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169. (165) Bellerive Country Club
Private
169. (165) Bellerive Country Club
Saint Louis, MO
Once the darling of the USGA, which awarded this Robert Trent Jones design the 1965 U.S. Open, making it the second youngest course to host an Open in the 20th Century (after Northwood in Dallas), Bellerive is now favored by the PGA of America, which successfully concluded the 2018 PGA Championship on it. The polished course that hosted the PGA is a far cry from the immature one of 1965. Hardwoods along holes now have 50 years worth of growth, fairways are now Zoysia and architect Rees Jones has replaced his father’s bunkering with that of his own style, positioned farther off the tees to challenge big hitters. Rees also filled in a pond in front of the 17th green and added chipping areas next to several putting surfaces.
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170. (NEW) Hollywood Golf Club
Walter Travis was a man of many talents. As a player he won three U.S. Amateur titles and one British Amateur, and his 80-percent match win percentage ranks among the sport’s all-time best. He was a writer, editor and publisher of The American Golfer in addition to designing over two dozen golf courses. His greatest skill might have been bunkering courses. His work revamping no. 64 Garden City in the early 1900s—adding, moving and deepening the bunkers as well as rebuilding the greens—transformed that course into what it is today, but his most artistic work is at Hollywood. The elaborate bunker shapes and arrangements are nothing short of dazzling, especially as they’ve been sharpened and polished by Brian Schneider of Renaissance Golf, along with shaper Blake Conant. They lay out like arrangements of gemstones and the spots on a jungle cat, varying from the size of a mansion parlor to little more than a bread box. Anything like it attempted today would be considered garish, but Travis’s Beaux Art bunkering at Hollywood is a study in artistry.
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171. (162) Pinehurst Resort: #4
Public
171. (162) Pinehurst Resort: #4
Pinehurst, NC
Like a football team searching for the right coach, the resort could never settle on the right identity for the No. 4 course despite a series of major alterations by different architects. It found its match when it hired Gil Hanse and Jim Wagner to carry out a full-scale blow-up and rebuild in 2018 that brought back the sweeping sand-and-pine character we identify with Pinehurst, while initiating a style of shaping in the greens and bunkers that’s confident and distinctly its own.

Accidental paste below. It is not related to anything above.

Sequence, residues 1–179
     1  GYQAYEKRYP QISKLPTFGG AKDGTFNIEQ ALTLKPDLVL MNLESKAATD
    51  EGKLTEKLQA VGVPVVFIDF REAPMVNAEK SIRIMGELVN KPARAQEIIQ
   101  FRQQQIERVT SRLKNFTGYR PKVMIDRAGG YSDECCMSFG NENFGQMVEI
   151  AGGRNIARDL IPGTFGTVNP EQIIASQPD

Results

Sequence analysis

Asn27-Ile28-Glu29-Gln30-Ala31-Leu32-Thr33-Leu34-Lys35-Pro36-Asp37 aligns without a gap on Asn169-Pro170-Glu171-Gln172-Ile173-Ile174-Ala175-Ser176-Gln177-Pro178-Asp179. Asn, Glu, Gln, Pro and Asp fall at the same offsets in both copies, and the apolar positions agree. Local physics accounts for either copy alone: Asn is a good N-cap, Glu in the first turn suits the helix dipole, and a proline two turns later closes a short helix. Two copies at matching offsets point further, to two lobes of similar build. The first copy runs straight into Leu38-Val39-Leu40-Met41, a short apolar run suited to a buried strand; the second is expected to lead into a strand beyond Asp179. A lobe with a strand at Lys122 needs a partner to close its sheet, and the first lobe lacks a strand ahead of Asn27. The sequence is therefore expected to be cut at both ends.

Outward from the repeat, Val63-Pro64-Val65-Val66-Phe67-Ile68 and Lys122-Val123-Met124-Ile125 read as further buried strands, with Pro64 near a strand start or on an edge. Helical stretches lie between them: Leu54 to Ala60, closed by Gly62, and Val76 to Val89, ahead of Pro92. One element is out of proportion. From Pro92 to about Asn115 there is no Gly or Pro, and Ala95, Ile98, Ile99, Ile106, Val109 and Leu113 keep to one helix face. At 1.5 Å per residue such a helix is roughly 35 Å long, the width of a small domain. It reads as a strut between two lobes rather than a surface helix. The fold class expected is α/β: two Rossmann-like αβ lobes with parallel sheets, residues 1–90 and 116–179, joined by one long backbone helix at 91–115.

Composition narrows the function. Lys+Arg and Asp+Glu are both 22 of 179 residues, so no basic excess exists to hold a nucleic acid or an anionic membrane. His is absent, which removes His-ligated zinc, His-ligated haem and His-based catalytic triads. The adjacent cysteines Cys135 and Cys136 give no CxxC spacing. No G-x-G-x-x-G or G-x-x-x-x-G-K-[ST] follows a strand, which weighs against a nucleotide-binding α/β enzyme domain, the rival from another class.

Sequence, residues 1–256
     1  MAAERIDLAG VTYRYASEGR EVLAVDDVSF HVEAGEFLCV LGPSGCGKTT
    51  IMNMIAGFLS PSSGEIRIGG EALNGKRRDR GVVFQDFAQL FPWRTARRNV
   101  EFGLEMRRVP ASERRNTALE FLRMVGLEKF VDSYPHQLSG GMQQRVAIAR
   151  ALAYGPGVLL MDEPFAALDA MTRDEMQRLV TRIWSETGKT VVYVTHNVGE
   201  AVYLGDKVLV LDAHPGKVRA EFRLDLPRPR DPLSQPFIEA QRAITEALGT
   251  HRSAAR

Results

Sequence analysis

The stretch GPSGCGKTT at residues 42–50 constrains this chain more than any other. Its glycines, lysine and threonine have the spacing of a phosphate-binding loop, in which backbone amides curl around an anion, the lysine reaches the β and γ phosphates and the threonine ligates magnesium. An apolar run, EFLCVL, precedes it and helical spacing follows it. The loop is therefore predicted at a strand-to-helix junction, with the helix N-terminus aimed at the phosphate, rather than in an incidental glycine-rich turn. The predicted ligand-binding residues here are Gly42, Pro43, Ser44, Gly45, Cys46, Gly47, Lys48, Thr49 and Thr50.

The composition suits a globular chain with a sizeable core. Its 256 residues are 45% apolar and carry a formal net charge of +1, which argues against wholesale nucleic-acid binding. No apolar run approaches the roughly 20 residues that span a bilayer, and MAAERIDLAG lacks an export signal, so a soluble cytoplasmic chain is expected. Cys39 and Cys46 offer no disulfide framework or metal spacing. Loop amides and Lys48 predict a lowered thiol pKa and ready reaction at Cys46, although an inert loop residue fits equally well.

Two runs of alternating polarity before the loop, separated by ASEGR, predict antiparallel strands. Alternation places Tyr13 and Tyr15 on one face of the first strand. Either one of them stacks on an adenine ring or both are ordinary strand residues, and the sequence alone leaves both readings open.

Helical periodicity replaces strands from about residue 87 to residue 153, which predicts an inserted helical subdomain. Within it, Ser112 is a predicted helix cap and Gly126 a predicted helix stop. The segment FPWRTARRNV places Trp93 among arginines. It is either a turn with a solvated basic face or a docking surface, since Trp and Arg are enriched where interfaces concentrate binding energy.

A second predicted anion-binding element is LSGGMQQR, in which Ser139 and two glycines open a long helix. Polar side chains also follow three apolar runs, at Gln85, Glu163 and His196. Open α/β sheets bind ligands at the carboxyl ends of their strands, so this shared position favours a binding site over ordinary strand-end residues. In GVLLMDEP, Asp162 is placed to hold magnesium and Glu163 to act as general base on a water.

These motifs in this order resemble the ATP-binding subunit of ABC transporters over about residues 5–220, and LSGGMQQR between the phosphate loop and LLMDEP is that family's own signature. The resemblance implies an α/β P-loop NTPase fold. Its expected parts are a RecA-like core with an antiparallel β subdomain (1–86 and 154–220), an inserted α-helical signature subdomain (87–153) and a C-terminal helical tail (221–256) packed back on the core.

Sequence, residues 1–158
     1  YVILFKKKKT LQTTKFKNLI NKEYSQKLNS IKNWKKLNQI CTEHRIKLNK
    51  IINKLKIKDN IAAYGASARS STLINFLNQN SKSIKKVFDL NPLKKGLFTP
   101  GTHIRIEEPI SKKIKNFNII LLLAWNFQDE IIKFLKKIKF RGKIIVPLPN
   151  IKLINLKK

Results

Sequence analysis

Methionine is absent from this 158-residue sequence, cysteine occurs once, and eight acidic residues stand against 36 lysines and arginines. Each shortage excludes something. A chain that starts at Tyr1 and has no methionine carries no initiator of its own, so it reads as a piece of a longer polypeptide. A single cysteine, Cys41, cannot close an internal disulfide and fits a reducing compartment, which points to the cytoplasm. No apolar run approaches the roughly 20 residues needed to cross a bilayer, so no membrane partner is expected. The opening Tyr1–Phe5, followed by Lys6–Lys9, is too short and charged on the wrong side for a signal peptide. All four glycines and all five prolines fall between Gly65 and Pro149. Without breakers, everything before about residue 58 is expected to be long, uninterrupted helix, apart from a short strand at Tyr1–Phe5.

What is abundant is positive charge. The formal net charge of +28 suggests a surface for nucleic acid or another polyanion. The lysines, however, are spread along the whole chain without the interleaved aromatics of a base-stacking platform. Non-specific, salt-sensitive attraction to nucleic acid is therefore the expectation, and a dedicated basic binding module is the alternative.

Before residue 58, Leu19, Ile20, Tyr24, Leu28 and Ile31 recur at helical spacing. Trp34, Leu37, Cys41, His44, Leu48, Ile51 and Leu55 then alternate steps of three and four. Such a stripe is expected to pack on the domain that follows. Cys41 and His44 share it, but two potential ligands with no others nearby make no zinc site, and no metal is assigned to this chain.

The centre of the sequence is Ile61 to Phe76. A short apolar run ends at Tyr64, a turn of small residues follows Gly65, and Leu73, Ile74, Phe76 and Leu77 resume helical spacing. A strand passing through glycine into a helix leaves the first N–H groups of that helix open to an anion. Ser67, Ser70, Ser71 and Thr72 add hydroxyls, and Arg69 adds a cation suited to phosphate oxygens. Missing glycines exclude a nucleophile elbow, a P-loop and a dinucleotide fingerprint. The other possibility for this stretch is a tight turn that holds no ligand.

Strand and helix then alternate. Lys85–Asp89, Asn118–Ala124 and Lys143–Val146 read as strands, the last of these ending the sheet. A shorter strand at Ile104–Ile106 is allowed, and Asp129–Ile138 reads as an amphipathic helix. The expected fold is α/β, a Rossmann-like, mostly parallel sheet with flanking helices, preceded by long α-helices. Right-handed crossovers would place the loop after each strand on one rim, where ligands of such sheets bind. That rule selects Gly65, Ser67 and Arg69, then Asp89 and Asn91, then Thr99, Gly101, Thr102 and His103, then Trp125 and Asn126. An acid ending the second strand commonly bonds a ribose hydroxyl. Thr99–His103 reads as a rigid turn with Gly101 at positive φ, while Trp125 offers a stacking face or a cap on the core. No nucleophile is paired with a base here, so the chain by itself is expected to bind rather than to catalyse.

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172. (146) Sahalee Country Club: South/North
Many 100 Greatest courses began as open fields, then had decades of green-committees plant trees to frame fairways; many of those same clubs are now clear-cutting such trees to open up vistas and invite more sunlight and air to greens. Sahalee is not such a club. Its course was carved from a Pacific Northwest forest of cedar, spruce, fir and pine, and its dominant theme has always been narrow fairways framed by towering trees that reach to the heavens. To strip Sahalee of its trees would be to shave Samson of his locks.
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173. (159) The Stanwich Club
Private
173. (159) The Stanwich Club
Greenwich, CT
A mainstay of Connecticut golf since the 1960s, Stanwich has undergone modifications over several years by Tom Fazio and his team, all based on the club's masterplan that addresses the course’s tees, bunkers, greens and mowing lines. The latest project was the rebuilding of five green complexes and the creation of a completely new first hole. “The first hole saw a complete re-imagining,” explained Fazio design associate Tom Marzolf. “The old hole was a quick dogleg-left that had many trees blocking the path around the corner. We looked to improve the options off the tee and allow alternate ways to play the hole. Earthwork to cut the inside corner and open up views to the green have completely changed the feel of the tee shot.” More changes to Stanwich, both big and small, are still to come.
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174. (188) Whisper Rock Golf Club: Lower Course
Phil Mickelson wanted his course design debut to be something different than the typical Scottsdale desert layout, so he had some fairways recessed into the landscape to create elevation change, kept tee boxes flush with the ground and built mostly long, narrow greens edged by chipping hollows. Mickelson calls them “Pinehurst greens.” Bunkers are surprisingly shallow and fairways are uniformly wide, because he dislikes holes that bottleneck down for big hitters. There’s plenty of grass in which to play, and a surprising number of trees on the layout, including palo verde, juniper and mesquite. Phil considers his design to be a second-shot course, “and we don’t have the same second shot two times in a row,” he says. One second shot, on the par-5 third, must contend with a “ha ha wall,” a three-foot-high ledge of stacked rock that edges the putting surface. That’s definitely different than anything in Scottsdale.
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175. (NR) Atlantic Golf Club
Private
175. (NR) Atlantic Golf Club
Water Mill, NY